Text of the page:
Aboriginal Legal Service (NSW/ACT)

ALS Media

Save the Custody Notification Service (CNS) and prevent Aboriginal deaths in police cell custody

03 Jun 2015

Government funding has not been renewed for a 24-hour legal advice and RU OK phone line which has prevented Aboriginal deaths in police cell custody since it began in NSW and ACT.

In operation since 2000, the Custody Notification Service (CNS) was a response to a recommendation from the Royal Commission into Aboriginal Deaths in Custody whereby Police must notify the Aboriginal Legal Service every time they detain or arrest an Aboriginal person in order for that person to receive early legal advice and a welfare check.

Kane Ellis, Acting CEO of ALS says he’s disappointed the CNS is being overlooked by government again despite the success of the program.

“Two years we won two years worth of grant funding for the CNS from the Australian government,” said Mr Ellis.

“Now we’re back at the beginning, again having to ask government to provide funds to a Service that has not failed.

“Our funding application to the Indigenous Advancement Strategy funding pool was rejected, and our repeated attempts to gain further grant funding have been ignored.

“The cost to run the CNS is nearly the same as holding two juveniles in detention for one year, yet the CNS assists over 15,000 Aboriginal people each year with early legal advice and an RU OK welfare check.

“The government is achieving huge savings by having this Service. Court, bail and diversion costs are down while the cost of assisting a vulnerable person in custody with health and welfare assistance is simply immeasurable.

“The CNS is more than just a phone line, it’s a lifeline.

“Every time our lawyers speak to an Aboriginal person being detained they check upon the welfare of the person by asking RU OK? Often people aren’t OK. Threats of self-harm or suicide are common. Our lawyers are skilled at hearing ideation or real threats of self-harm or suicide. The lawyer notifies the Police and the vulnerable person in custody is made safe.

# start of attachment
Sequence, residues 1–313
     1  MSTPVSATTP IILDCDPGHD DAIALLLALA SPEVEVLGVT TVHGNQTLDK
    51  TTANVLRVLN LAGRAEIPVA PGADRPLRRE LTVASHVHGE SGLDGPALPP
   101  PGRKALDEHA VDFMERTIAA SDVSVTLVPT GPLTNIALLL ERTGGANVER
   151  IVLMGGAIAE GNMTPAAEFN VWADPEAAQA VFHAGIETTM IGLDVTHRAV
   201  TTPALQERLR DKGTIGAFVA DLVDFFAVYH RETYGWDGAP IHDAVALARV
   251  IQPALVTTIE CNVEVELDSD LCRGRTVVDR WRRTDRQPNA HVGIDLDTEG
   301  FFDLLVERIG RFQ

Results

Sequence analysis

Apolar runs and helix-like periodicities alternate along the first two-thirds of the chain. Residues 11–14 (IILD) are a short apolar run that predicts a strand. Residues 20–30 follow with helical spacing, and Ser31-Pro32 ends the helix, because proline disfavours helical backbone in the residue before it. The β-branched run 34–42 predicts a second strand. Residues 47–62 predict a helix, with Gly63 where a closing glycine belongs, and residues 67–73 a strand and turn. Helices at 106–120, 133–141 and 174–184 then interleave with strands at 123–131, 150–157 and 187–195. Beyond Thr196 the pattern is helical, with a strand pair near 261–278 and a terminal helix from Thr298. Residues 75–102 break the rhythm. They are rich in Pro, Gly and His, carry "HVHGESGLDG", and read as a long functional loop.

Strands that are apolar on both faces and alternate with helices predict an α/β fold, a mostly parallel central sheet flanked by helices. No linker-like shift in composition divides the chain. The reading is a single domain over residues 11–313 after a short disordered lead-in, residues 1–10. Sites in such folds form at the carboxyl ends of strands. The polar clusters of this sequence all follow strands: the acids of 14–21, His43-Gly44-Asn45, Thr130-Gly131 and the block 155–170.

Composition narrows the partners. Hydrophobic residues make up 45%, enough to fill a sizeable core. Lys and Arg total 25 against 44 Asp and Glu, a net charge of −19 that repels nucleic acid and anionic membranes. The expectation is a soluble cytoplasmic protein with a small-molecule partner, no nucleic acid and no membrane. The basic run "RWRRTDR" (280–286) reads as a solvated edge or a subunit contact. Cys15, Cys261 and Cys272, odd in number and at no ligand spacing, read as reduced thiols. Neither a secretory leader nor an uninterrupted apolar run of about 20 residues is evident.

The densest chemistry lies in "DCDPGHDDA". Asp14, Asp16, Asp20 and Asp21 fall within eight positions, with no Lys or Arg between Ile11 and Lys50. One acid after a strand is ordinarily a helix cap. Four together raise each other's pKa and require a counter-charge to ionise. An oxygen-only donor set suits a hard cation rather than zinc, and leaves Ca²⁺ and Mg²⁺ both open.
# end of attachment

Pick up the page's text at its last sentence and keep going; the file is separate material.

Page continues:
“We regularly assist Aboriginal people access essential medication or medical attention they were otherwise not receiving.”

Legislated under NSW law, the CNS receives over 300 calls per week at a per unit cost of $32 per call with ALS lawyers working 24/7 to provide the service, without attracting penalty rates.

“No other service provider could run this essential phone line as cheaply and effectively as we do,” said Mr Ellis.

“It gives vulnerable Aboriginal men, women and children access to an experienced lawyer for timely legal advice which is crucial given the already shamefully high rates of Aboriginal over-representation in the criminal justice system.

“Without the CNS, more Aboriginal people will go to gaol.”

Funding for the CNS ceases on 30 June 2015. The phone line costs $526,000 per annum to support six lawyers working around the clock and one administration officer.

The CNS has been funded by the Australian government since 2007 through one-off grants, and separate from our core funding stream.

The ALS is urgently calling on the Australian government to fund this essential Service.

We have reinvigorated our petition to Government to #savetheCNS at http://chn.ge/15JMYMj which currently has over 34,000 signatures.
 
 
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